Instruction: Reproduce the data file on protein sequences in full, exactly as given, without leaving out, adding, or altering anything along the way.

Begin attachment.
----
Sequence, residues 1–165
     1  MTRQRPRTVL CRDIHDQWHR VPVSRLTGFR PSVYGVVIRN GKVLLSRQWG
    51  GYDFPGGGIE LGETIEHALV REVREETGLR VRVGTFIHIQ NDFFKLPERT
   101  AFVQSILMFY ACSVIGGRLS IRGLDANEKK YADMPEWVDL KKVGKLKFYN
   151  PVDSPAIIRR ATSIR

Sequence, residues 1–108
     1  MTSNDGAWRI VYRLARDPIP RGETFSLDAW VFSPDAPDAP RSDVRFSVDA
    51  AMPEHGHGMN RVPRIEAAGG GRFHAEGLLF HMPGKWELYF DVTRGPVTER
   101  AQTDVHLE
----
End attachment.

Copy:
Sequence, residues 1–165
     1  MTRQRPRTVL CRDIHDQWHR VPVSRLTGFR PSVYGVVIRN GKVLLSRQWG
    51  GYDFPGGGIE LGETIEHALV REVREETGLR VRVGTFIHIQ NDFFKLPERT
   101  AFVQSILMFY ACSVIGGRLS IRGLDANEKK YADMPEWVDL KKVGKLKFYN
   151  PVDSPAIIRR ATSIR

Sequence, residues 1–108
     1  MTSNDGAWRI VYRLARDPIP RGETFSLDAW VFSPDAPDAP RSDVRFSVDA
    51  AMPEHGHGMN RVPRIEAAGG GRFHAEGLLF HMPGKWELYF DVTRGPVTER
   101  AQTDVHLE